Which is pretty unambiguous. While I'm not uncritical of the text (I think it has problems) I found things in there that were genuinely exciting. (Also, I'm quite sure that Cameron hasn't suffered through performance poetry; it is in fact absolutely dominated by the kind of "accessibility" he wanted in Know No Cure).

Yes, a text and a production of a text are two different animals, and there can be virtue in a text that is not reflected in a production (eg many productions of Shakespeare) and vice versa. How do you propose to speak about theatre if you do not make distinctions as well as connections between one element and another? It seems to me important to be able to tell the difference - it's disturbing to me that people will write off texts when a production is the problem, or the other way around. I have been criticised quite often for being a text-based critic. That's half true - but to be fair, I am deeply interested in a phenomenon called theatre, which is made of many things, and occurs in each moment it is made. But I do always hear a text.

That aside, all I'm saying is that I think Broinwoski's an interesting writer. And playwrights can be interesting writers even if their plays only exist at the bottom of a drawer.

Matthew said...

"How do you propose to speak about theatre if you do not make distinctions as well as connections between one element and another?"

I don't -- just so long as both distinctions and connections are there, the analysis constantly collapsing a piece into its constituent elements and then recombining them, again and again. Seeing the whole and the sum of its parts, the forest and the trees.

I know you were merely saying that Broinwoski is an interesting writer. And I wasn't at all attacking your comments. It's just that they triggered something I'd been thinking about for a few days and I decided your comment section was as good a place as any to say so!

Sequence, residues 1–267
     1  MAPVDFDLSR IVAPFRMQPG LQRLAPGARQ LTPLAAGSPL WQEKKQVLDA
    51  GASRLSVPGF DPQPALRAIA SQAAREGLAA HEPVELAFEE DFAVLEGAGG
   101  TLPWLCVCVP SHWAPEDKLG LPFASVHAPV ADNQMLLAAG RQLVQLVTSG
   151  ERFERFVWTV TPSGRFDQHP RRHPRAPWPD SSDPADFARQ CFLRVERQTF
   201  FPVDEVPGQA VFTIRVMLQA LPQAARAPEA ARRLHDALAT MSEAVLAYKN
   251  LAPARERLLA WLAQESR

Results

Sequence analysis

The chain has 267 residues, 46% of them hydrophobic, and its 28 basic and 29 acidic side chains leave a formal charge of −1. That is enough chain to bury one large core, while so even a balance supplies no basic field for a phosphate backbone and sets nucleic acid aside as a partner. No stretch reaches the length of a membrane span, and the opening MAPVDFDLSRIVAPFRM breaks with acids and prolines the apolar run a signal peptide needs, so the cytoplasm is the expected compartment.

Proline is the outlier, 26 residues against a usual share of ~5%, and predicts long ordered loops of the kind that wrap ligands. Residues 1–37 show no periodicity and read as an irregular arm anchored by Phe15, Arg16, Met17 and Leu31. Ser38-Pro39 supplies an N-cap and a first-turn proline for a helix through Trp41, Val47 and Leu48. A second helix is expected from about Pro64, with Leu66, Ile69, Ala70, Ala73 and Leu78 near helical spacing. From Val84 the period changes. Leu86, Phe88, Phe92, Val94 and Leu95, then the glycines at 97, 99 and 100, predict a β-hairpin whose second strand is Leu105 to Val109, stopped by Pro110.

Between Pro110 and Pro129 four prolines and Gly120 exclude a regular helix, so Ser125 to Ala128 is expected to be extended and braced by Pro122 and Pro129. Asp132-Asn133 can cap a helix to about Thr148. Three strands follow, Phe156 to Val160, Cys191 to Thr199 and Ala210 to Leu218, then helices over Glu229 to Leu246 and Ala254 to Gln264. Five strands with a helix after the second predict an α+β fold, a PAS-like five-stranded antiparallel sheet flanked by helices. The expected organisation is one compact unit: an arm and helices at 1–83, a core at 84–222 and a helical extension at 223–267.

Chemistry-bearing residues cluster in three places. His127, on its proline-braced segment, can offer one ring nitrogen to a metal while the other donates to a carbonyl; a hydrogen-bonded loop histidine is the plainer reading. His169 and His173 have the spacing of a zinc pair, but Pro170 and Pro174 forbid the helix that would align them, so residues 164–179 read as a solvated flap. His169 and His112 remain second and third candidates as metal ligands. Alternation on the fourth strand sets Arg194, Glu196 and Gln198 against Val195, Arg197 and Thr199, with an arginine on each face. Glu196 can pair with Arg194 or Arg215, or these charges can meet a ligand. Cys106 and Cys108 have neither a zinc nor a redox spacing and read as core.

Alison Croggon said...

You're very welcome, Matt - what you're saying is very interesting. We all need bifocals - Myself, I am a bit obsessed by the various relationships between text and theatre (and indeed, they are many). Which I admit is a personal obsession...

Chris Boyd said...

As so often, I found myself disagreeing with the stern verdicts of my esteemed colleagues, at least as far as the text is concerned; but then, I've always found the flash and dazzle of ambition more exciting than the safe, steady glow of the expected, even if the dazzle ends up fizzling in the mud.

I found this aside a little bit cheeky, Ms A. (Not an atypical characteristic of your dear self!) When called, you back up by quoting the one colleague you don't actually esteem!

Just sayin'...

I thought Broinowski's text had the makings of an okay verse novel. (I also thought that it aimed for metaphysical conceit, but just managed conceit... but then I am a clever dick.)

My main complaint about Know No Cure was that he did his text a disservice by directing it.

Alison Croggon said...

Hey Chris, you know I love y'all. (And Cameron too.) Go on, you know it. Kisses.

Chris Boyd said...

*swoons*

... you really do need to do something about that (love) fever of yours. =)

[Sings: "I feel love, I feel love, I feel love, I feel lo-ove..."]

Helen said...

Disclaimer: I'm a friend of Hill's, but only one of the songs was an original. The rest were (such as) The Streets of Forbes' - a song written by Ben Hall's brother just hours after the famous bushrangers demise, 'Where are you Tonight, I Wonder' (Andy M. Stewart) and l'Carrickfergus' (Trad). So, unfortunately, the green sashes and shamrocks etc were genuine.

Hill's performances are strong and rough-edged stuff (as was Kelly), but you did say "...I've always found the flash and dazzle of ambition more exciting than the safe, steady glow of the expected, even if the dazzle ends up fizzling in the mud"!

Philippine allstars said...

"As so often, I found myself disagreeing with the stern verdicts of my esteemed colleagues; but then, I've always found the flash and dazzle of ambition more exciting than the safe, steady glow of the expected, even if the dazzle ends up fizzling in the mud."


- agreed. :)